reflecting on the past

It was lovely to see my parents last weekend, it seems like I only see them a couple of times a year, which is just crazy. Yes, they do live far away, but I don't think that's much of an excuse really, is it?

One thing that happens every time I visit my family is they find yet more belongings of mine, tucked away in the garage, or under a pile of books or something. I moved away from home 10 years ago, and they have moved house twice since then, so how I still have "stuff" there seems ludicrous. Their new house is a little smaller than their last one, since two of the three children have left home now, and they really don't have any spare room for my sentimental "stuff" any more. How nice it was to be met at the door with boxes and boxes of this "stuff" to take home with me. I dutifully packed it all up and brought it back to London with me. Here it is, the last few remains of Vixie Stuff from my parents' house. Doesn't look all that scary, right?

Taking a closer look, it's no surprise that I left these few boxes until last - they are full to the brim of old stuff from my university years: a huge conceptual poetry installation piece I made in my first year of uni (which brings back some painful memories) and lots of pieces made based around the idea of being lost (something I really suffered from while at university). Seeing it all piled up, and having it intruding in my nice, pretty, (supposedly) calm studio has made me feel slightly ill at ease. I'm not sure what to do with it all. The boxes are full of memories from another time in my life, and of course they, and the ideas behind them, are important otherwise I wouldn't have made them into physical permanent reminders.

And they aren't necessarily good reminders. I had a hard time at uni, and that came through in the art that I made over the three years I was there, so surely that stuff is better kept in boxes, hidden away, forgotten about? But at the same time, it was that hard time, that struggle, and that perseverance I found to "get through it" that has made me who I am today. I can't say I'm completely happy with myself, but I feel I am a lot better now than I was then, in a lot of ways. I have to admit, I don't want the constant reminder of a difficult and sometimes very unhappy part of my life being in my nice new studio, a new place for me to work, a new place for me to have ambition and dreams, and a new place for me to do what I want with my life, on my terms. I will (thankfully) never be the artist I thought I so desperately wanted to be while at university: I'm not pretentious, I'm not arrogant, I'm not fake, I suck at lying and I can't play along with stuff I don't believe in just to get a good review or a foot in the door. Don't get me wrong - I'm not saying all artists are like that, I know a great deal who aren't at all, but that was what I thought I had to do to "fit in". It seems "fitting in" isn't something I am terribly good at, and that's probably largely a subconscious thing - why fit in when you can be unique and do things your own way? I did do a lot of stuff my own way towards the end of my degree, and for part of it I was very successful - I had solo shows of my work in galleries, I had galleries contacting me to show my work, instead of me having to write pleading letters to beg for a small bit of wall space, like I did in my first year at university, and I made a lot of sales. None of this, however, was the work I wanted to be known for - I did a great deal of projects at uni, over a range of topics, some difficult and some more light-hearted (I needed something to drag myself out of the pit of depression, after all) and it was the latter that I became known for, not the conceptual poetry concerning the heartbreak of lost love, not the projects involving keys and maps with hidden emotional depths, nope. It was the prints I made of puns, silly illustrations that I had scribbled on the back of a napkin after mishearing someone else's conversation, punchlines of jokes. Ironic really, isn't it? The one thing I did in order to force myself to focus on something positive and a little flippant, and that's the work that people at uni associate with me.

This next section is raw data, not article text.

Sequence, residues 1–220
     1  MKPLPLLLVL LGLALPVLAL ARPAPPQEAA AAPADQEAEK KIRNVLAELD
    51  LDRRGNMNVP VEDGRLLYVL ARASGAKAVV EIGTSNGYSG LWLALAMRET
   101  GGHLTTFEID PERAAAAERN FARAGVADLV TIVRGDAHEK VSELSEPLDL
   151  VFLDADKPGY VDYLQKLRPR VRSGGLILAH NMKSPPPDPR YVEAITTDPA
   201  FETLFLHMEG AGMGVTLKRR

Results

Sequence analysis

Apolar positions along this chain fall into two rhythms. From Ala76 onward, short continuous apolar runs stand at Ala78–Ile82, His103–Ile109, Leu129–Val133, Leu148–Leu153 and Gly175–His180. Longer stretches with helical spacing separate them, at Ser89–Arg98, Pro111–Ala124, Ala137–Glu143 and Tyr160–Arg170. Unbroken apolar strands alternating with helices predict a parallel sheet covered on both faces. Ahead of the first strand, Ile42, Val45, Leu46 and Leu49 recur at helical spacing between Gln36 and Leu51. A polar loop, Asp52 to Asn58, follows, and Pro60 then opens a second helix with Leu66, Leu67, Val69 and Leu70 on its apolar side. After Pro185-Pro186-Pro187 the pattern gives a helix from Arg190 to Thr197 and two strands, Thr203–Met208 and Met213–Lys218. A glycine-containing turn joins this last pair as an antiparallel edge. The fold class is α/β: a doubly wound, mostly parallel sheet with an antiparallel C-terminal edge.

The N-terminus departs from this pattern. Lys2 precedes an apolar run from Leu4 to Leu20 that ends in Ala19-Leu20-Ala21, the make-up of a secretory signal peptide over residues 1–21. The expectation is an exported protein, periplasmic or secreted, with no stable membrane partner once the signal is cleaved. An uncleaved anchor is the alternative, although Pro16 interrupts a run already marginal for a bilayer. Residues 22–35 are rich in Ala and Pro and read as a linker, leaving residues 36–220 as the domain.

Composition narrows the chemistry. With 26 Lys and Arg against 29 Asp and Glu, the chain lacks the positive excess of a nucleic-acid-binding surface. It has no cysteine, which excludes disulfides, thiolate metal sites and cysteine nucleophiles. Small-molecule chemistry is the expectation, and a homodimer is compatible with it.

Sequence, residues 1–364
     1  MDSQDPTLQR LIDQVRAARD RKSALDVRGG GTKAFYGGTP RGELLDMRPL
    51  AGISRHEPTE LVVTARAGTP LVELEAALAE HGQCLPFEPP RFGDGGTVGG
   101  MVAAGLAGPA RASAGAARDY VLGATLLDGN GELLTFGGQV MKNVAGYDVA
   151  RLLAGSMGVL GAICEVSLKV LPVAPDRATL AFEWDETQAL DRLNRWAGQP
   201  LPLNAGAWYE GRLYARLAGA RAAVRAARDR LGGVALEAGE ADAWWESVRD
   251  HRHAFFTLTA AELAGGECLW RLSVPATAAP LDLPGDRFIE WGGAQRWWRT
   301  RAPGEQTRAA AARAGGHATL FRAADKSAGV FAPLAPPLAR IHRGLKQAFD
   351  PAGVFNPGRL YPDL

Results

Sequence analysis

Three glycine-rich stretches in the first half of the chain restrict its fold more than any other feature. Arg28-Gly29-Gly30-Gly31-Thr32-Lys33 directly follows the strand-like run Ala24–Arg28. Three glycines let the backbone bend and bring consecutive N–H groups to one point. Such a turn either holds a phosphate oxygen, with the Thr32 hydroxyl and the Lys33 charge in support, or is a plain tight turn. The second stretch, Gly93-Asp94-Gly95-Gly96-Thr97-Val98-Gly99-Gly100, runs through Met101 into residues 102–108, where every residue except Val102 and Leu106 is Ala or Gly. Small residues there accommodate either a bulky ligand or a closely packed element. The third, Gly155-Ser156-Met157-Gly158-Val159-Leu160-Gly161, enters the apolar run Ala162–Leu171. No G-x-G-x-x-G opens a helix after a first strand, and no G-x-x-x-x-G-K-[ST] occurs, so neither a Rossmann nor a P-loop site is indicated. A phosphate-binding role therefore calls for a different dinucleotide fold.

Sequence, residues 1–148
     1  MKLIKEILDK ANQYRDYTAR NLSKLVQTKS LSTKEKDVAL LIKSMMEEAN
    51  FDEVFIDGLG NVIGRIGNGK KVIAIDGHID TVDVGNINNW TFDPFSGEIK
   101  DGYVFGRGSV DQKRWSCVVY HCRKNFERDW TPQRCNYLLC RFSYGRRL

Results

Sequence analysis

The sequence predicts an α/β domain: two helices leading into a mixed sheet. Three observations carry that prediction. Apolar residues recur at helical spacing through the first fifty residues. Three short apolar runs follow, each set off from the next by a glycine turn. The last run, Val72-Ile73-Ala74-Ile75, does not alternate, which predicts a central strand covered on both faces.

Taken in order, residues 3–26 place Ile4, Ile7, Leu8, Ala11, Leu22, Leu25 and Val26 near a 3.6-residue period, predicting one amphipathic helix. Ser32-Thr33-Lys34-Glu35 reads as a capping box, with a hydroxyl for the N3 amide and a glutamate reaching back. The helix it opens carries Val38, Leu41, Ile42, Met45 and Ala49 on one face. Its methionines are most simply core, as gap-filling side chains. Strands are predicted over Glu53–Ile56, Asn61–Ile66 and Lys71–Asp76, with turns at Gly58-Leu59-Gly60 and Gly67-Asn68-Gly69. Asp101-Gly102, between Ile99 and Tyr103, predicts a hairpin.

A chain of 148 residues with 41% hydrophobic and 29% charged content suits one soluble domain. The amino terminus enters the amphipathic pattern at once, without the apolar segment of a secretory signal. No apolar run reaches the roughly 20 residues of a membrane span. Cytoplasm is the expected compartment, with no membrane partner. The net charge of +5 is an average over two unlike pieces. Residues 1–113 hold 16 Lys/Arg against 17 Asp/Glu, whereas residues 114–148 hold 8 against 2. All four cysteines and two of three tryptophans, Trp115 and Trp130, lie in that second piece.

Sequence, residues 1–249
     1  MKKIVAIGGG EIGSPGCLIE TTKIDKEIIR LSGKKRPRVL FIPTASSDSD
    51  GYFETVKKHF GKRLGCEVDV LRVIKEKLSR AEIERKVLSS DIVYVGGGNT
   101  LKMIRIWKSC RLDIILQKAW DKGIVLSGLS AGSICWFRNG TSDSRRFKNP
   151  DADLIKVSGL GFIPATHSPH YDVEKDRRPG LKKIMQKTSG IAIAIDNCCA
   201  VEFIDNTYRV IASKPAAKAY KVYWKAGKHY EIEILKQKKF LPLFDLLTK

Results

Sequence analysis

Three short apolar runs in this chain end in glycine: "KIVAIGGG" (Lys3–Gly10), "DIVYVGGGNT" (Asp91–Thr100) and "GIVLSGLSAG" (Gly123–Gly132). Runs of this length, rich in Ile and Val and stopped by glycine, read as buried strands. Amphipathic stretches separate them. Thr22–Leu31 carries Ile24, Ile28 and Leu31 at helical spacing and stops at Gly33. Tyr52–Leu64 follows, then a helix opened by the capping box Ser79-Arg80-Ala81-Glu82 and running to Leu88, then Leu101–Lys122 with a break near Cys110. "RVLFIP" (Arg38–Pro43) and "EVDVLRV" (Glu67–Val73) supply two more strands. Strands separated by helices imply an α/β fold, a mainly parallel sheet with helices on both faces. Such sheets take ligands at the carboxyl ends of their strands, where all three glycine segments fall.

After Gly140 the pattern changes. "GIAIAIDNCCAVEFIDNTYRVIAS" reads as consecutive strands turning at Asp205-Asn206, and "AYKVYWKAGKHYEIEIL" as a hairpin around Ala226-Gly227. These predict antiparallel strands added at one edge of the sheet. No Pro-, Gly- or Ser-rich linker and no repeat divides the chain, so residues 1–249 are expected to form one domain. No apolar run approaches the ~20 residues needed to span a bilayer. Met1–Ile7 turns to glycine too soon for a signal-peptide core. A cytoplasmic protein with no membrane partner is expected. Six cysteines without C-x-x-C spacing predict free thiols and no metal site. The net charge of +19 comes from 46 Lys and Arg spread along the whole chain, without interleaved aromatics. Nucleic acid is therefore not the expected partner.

So, back to the task at hand. What of these boxes? Should they be kept hidden away at the back of my studio, their secrets held out of the sight of others? Should they be discarded, as they bring back only bad memories? Should the past be kept in the past? Or should I face the horrors that may lurk within? It's a toughie.

2 hellos:

Claire said...


If I were you I would find somewhere safe to stash them, and then on days when you are feeling sunny and shiny and you have tea and biscuits and a friend or two over (I humbly volunteer!) you can go through them and siphon out anything useful - the rest can be thrown / donated / deconstructed.

Just my tuppence. Take care of you, you beautiful creature. :)


Vixie said...

Aw, thank you Clairey, I might just take you up on that :)

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